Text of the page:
Attacking Second Amendment doesn't address core causes of society's violence and lawlessness
Last updated 4/12/2023 at 5:27pm
On the Saturday before Easter, the state Senate’s majority Democrats passed what they call an “assault weapons ban.” In reality, the bill targets several of the most popular sporting and self-defense firearms in the country, including most modern sporting rifles and even some shotguns used for hunting and competition shooting.
My Republican colleagues and I debated the measure for nearly three hours, using the amendment process to try to point out the fallacies of their arguments and mitigate some of the damage the bill would do to the rights of Washingtonians and small business owners who work as legal firearms dealers.
As it turned out, I was the only one able to get an amendment accepted – one to support our military members and allow them to keep their firearms when they are ordered to move to Washington.
The proponents of this bill and I agree on one thing and one thing only. We are in a crisis in Washington. But it is a crisis of general lawlessness across our communities, one exacerbated by bad legislative decisions over the past several legislative sessions.
We have seen soft-on-crime policies, releasing criminals from incarceration; vilification of our law enforcement officers; toleration of life-destroying drug proliferation and use; failure to address mental health adequately; and poor decisions during the COVID lockdowns resulting in learning loss and depression among our youth. We need to focus on addressing the root causes leading to chaos and violence, not vilify firearm ownership.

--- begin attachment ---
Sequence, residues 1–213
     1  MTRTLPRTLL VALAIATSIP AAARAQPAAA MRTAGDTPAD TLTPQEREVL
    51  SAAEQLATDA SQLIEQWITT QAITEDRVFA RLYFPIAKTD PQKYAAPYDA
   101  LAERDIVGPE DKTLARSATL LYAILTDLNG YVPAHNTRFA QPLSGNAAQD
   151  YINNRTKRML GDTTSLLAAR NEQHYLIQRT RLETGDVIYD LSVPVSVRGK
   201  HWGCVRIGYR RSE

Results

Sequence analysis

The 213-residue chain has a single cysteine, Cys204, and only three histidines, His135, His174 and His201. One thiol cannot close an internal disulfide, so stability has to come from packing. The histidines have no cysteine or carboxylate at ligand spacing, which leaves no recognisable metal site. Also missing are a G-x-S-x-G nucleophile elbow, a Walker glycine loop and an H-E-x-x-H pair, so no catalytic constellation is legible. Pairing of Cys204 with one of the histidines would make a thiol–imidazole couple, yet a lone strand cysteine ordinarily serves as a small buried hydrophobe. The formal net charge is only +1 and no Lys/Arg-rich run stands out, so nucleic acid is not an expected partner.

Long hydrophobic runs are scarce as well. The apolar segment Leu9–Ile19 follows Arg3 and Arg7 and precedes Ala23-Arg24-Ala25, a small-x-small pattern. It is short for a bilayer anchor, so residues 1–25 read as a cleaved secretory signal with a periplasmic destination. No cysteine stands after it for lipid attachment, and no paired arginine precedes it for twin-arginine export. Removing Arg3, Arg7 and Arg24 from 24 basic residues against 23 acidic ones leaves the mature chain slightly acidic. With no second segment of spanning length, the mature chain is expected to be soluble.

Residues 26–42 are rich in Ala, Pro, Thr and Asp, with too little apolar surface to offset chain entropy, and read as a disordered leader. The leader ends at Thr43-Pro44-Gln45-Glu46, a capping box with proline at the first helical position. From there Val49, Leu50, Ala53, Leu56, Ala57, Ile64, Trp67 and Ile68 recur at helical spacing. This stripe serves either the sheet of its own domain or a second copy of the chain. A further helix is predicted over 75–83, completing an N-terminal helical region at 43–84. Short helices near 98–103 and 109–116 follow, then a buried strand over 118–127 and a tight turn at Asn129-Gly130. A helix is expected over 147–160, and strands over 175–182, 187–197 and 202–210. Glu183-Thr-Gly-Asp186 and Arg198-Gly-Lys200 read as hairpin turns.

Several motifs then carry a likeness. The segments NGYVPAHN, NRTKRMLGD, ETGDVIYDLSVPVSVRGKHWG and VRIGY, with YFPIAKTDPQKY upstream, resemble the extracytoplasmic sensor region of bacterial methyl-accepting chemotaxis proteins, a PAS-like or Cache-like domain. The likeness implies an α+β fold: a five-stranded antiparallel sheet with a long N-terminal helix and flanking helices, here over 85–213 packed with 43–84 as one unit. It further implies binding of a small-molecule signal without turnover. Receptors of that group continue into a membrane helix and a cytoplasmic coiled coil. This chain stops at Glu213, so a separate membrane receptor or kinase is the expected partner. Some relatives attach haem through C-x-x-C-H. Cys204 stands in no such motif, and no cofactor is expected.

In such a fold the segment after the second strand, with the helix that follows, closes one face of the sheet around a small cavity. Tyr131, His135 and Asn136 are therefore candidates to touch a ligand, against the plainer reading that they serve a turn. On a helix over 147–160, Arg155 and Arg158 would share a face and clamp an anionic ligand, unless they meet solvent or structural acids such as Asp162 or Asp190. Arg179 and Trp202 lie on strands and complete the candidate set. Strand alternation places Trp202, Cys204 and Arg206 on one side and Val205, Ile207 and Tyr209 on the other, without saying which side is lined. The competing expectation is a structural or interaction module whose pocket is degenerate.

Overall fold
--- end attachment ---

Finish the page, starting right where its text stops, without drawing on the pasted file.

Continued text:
Our nation has always had a history of gun ownership, and the Second Amendment to the U.S. constitution enshrines our naturally endowed right to defend ourselves and our families. But what we have not always seen – what is new to the moment – is the devastating loss of life we have witnessed due to crime, suicide, mass shootings and senseless violence.
House Bill 1240 declares the violent and inappropriate use of firearms ‘appeal[s] to troubled young men intent on becoming the next mass shooter.’ But where is the effort to help these troubled young males and heal whatever there is inside of them that is broken and leading to violence and rage?
Instead, this bill goes after the implement, and completely ignores the underlying root causes of the problems we see today.
The problems are not just reflected in deaths caused by a demented person with a firearm. We see it in the increase of drug-related deaths, teen suicides, wrong-way and drunk-driving assaults on our roads, and in the sunken eyes of lost souls we see roaming our streets with unattended-to mental-health and substance-abuse issues.
It is reflected in fatherless homes producing rudderless young men who feel hopeless and unsure of their place in this world. It is reflected in the general lawlessness we have seen explode across this state, thanks in large part to the failed policies of the Democrat majority in the Legislature and Governor Inslee.
Banning some of the most popular firearms kept and used by law-abiding citizens today will do nothing to address these problems. Absolutely zero.
Look no further than the City of Seattle. Despite Washington ranking in the Top 10 nationally for gun control for the past five years, we have seen the number of shootings – fatal or not – and ‘shots-fired events’ in our largest city hit an all-time high in 2022.
The fact of the matter is the law created by this bill will just be more of the same. Worse still, it will give the victims of these crimes and all Washingtonians a false sense of security that something is being done.
And let’s not forget that this ban is also blatantly unconstitutional, and likely to cost taxpayers crucial dollars that could be invested in mental health and public safety, but which will instead be used trying to unsuccessfully defend this law in the courts.
HB 1240 now goes back to the House to reconcile changes between the version that passed the Senate and the one that passed the House earlier this year. That means there is still time for lawmakers to do the right thing, put this bill down, and set their sights on real solutions.
–– Sen. Keith Wagoner, R-Sedro-Woolley, represents the 39th Legislative District. He serves as the Senate Republican Whip and is a member of the Senate Law and Justice Committee.